Whoever walks through Boca do Mucura, in the region of the middle Solimões River, has the feeling of walking through a ghost land. At least until reaching the house of the tuxaua (cacique) Franciney Silva de Lima, 35.
“Not even if I stay alone at Mucura, but I don’t leave. It’s from here that I get my fish, my watermelon, my livelihood”, he says. Franciney lives with his wife, Neila, and their five children in the indigenous land, which is located on an islet near Fonte Boa (AM), a city in Solimões accessed only by water and air.
The family is one of six remaining in the territory. Before, there were 22. Most of the wooden houses with zinc roofs were abandoned. The carcasses of these dwellings were left behind and were taken over by the bush. In some cases, the wood used in the buildings was removed.
“We are now six families. There were seven of us, but a teacher’s daughter died in the last flood, and the family can’t bear to go home again,” says Franciney.
The indigenous people of the land are kokamas, present in different parts of the Solimões and targets of several forced displacements over the centuries. The relationship with cities has become more constant in recent decades. Demarcation processes try to ensure the relationship with the land.
Boca do Mucura is one of the territories in the queue for demarcation. The MPF (Ministério Público Federal) opened a public civil inquiry to investigate land conflicts between the local kokamas and a cattle rancher, who claimed ownership of the space.
A lawsuit asked for the demarcation of the territory, in favor of the indigenous people, and the Federal Justice in Amazonas agreed. Funai (Fundação Nacional do Índio) was ordered, in November 2016, to complete the process within three years. After almost six years, the phase is not even one of studies by a technical group.
THE Sheet requested, through the Access to Information Law, a copy of the process, but Funai under Jair Bolsonaro (PL) denied the supply, claiming to be a restricted access procedure. According to the agency, it is not a “demarcation procedure itself”, but an “indigenous land claim”.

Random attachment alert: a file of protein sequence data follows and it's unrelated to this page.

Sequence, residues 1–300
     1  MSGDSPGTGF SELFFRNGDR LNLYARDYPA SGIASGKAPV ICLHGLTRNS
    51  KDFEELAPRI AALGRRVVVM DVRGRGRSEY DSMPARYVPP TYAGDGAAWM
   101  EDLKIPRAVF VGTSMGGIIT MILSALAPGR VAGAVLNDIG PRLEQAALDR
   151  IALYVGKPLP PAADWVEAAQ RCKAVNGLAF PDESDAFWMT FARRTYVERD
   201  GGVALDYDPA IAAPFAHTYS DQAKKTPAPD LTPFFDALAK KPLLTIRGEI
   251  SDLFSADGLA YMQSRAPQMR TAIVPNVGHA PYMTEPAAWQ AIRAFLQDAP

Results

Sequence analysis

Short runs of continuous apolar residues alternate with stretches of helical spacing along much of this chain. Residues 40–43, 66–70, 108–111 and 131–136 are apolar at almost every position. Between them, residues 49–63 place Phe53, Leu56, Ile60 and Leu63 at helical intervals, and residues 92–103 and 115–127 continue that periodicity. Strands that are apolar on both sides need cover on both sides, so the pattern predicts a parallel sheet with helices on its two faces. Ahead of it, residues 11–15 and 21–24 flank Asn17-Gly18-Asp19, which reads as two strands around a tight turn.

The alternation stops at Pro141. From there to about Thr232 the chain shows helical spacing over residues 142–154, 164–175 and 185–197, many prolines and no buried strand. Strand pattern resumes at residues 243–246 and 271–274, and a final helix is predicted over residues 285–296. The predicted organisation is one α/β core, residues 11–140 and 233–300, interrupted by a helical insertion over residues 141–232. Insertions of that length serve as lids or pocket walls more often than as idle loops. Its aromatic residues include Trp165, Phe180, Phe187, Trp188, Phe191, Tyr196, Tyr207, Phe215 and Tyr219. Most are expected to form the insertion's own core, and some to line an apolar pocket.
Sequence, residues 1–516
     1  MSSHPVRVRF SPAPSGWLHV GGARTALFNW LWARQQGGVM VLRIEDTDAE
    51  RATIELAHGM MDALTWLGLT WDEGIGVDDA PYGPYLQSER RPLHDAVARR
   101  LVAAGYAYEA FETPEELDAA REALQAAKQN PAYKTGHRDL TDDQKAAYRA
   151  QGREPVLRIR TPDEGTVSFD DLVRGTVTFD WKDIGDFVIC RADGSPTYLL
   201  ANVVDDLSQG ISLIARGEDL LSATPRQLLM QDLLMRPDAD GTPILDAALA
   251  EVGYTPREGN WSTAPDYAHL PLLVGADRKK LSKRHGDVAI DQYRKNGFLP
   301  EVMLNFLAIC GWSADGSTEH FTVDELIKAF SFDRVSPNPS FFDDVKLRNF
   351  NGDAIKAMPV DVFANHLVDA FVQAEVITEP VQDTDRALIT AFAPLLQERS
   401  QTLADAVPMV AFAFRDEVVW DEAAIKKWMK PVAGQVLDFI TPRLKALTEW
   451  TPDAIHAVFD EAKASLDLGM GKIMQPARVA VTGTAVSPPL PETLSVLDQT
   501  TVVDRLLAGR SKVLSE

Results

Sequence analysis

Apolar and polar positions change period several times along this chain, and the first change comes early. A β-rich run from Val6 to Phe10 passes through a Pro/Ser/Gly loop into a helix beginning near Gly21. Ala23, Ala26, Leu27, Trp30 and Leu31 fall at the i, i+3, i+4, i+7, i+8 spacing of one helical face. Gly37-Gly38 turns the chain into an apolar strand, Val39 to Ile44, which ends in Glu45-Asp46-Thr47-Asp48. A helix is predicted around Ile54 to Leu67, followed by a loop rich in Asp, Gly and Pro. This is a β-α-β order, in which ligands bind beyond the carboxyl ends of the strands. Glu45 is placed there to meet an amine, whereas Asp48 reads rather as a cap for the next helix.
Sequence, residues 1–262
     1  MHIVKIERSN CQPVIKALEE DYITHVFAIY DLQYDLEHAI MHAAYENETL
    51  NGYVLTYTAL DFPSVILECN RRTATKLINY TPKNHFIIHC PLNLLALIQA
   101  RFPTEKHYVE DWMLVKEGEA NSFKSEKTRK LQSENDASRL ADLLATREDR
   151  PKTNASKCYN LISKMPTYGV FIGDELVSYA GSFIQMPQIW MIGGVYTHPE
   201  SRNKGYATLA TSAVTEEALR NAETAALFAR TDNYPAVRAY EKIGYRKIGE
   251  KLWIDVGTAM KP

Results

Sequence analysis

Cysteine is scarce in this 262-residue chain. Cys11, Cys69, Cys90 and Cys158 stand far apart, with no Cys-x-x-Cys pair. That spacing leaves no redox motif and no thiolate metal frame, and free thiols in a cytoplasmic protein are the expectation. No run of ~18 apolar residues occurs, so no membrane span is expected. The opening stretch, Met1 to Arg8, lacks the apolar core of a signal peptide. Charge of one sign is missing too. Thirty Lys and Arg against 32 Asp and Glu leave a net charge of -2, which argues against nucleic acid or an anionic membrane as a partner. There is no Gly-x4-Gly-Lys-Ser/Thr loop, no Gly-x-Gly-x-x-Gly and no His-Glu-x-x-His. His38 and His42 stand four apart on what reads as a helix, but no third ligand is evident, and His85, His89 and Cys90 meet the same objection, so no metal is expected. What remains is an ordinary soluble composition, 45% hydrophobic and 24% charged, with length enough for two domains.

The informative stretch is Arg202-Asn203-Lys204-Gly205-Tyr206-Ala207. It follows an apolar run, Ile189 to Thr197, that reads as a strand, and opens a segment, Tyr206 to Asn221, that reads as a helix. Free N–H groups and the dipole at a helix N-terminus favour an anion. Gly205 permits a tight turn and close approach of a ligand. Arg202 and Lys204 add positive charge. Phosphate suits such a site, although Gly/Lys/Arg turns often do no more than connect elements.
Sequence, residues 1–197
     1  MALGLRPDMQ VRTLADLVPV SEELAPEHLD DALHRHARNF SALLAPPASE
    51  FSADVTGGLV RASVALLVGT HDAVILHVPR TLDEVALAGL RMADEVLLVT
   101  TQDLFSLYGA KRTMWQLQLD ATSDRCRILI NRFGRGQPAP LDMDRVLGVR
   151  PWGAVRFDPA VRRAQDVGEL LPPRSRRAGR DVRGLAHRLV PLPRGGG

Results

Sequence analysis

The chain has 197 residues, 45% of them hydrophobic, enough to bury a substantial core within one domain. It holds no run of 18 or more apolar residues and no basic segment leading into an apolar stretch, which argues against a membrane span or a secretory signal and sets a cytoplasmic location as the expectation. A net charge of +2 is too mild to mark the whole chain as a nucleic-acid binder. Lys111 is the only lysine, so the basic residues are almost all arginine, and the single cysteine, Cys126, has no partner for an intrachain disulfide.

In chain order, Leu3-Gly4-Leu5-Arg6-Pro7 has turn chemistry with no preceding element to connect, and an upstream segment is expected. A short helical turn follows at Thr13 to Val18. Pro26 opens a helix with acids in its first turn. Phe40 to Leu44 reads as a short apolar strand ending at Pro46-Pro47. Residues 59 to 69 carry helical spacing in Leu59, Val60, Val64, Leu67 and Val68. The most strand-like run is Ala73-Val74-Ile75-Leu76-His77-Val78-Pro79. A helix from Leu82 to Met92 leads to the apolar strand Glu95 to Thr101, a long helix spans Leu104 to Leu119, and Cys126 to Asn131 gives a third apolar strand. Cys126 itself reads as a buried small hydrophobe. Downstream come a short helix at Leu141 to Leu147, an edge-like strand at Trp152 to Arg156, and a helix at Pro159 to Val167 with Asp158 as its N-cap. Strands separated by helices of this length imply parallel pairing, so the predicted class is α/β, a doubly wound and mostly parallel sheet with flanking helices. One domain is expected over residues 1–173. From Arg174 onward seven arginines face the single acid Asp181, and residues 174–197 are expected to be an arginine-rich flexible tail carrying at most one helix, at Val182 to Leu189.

Boca do Mucura became increasingly the target of invaders: fishermen, hunters and illegal loggers. Threats to families are frequent. “I’m going to take the shotgun and shoot you”, they say to those who resist staying there. “Today, they walk by armed, in the canal next to the house, and I don’t say anything anymore”, says Franciney.
The land has no energy or drinking water. The indigenous people fetch water with a can on their heads in Fonte Boa, more specifically at the port tap. Or dam rainwater.
The community lives by planting watermelon, cassava and corn, plus hunting and fishing. There is no more school. Franciney’s house has a makeshift classroom for eight students; he is the teacher.
The existing Catholic church was overthrown. The priest does not appear, the festivities of Santo Expedito no longer take place. Franciney and her family are now evangelicals.
Those who left try their luck in Fonte Boa. Whoever stayed wants to stay.
“We feel abandoned, but I only leave when I die”, says the tuxaua. “I try to call people back. ‘Let’s go to Mucura’. For now, they say they won’t come.”
The report was supported by the Amazon Rainforest Journalism Fund, in partnership with the Pulitzer Center.